Le cercle vicieux de la confiance en la réglementation

CAMBRIDGE – A la fin du mois dernier, la Réserve fédérale publié les transcriptions des réunions du Federal Open Markets Committee (l'organe qui fixe la politique monétaire de la Fed) pour la période qui a précédé la crise financière de 2008.

Malheureusement trop d'articles sur ces transcriptions passent à côté du point essentiel. Le fait d'avoir critiqué la Fed d'avoir sous-estimé les dangers des rumeurs lointaines qui étaient alors sur le point d'exploser, donne l'impression que les intervenants se sont bel et bien trompés. En fait, sous-estimer un risque financier est un problème général : la règle et non l'exception.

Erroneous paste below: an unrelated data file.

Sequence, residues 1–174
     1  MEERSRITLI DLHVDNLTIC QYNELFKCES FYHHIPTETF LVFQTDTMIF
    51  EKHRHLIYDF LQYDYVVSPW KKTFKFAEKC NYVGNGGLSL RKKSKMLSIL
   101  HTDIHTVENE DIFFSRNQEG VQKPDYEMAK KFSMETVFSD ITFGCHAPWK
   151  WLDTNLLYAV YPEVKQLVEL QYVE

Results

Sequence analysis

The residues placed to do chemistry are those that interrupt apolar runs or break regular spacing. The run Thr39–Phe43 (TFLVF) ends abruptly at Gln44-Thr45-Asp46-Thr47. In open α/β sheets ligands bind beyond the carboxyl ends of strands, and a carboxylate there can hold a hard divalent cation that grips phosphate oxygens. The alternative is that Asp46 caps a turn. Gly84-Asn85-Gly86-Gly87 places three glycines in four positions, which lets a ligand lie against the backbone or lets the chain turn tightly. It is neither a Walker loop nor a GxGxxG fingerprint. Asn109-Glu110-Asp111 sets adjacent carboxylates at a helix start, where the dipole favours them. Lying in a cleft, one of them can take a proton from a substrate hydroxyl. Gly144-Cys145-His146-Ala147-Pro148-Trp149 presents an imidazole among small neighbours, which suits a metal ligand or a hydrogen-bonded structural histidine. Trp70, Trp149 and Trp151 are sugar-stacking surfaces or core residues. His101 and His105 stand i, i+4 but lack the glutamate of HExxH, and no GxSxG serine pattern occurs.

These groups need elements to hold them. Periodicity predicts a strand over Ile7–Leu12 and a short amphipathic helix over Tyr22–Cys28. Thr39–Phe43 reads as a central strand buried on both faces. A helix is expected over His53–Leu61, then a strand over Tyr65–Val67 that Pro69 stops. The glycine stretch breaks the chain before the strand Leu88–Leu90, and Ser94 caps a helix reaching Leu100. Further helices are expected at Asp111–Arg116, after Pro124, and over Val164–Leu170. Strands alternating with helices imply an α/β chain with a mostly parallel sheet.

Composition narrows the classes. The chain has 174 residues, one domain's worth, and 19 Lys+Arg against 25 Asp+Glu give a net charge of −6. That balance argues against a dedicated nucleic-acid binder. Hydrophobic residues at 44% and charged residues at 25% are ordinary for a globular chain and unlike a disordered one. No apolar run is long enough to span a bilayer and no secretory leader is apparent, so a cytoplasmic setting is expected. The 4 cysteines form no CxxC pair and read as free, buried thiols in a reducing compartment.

Même après la faillite de la banque d'investissement Bear Stearns en mars 2008, les dirigeants de la Fed ont estimé que la structure institutionnelle était assez forte pour empêcher une crise. Le président de la Réserve fédérale de New York Timothy Geithner pensait que les banques avaient assez de capital pour supporter les pertes potentielles. De même, le vice-président de la Fed Donald Kohn a déclaré au Sénat américain que les pertes sur le marché hypothécaire ne mettraient pas en péril la viabilité bancaire. Fait révélateur, l'opinion des universitaires était similaire. « Trop gros pour faire faillite » n'était dès lors plus un gros problème, selon un leader d'opinion, car les règlements bancaires de la décennie précédente avaient rendu ce problème négligeable.

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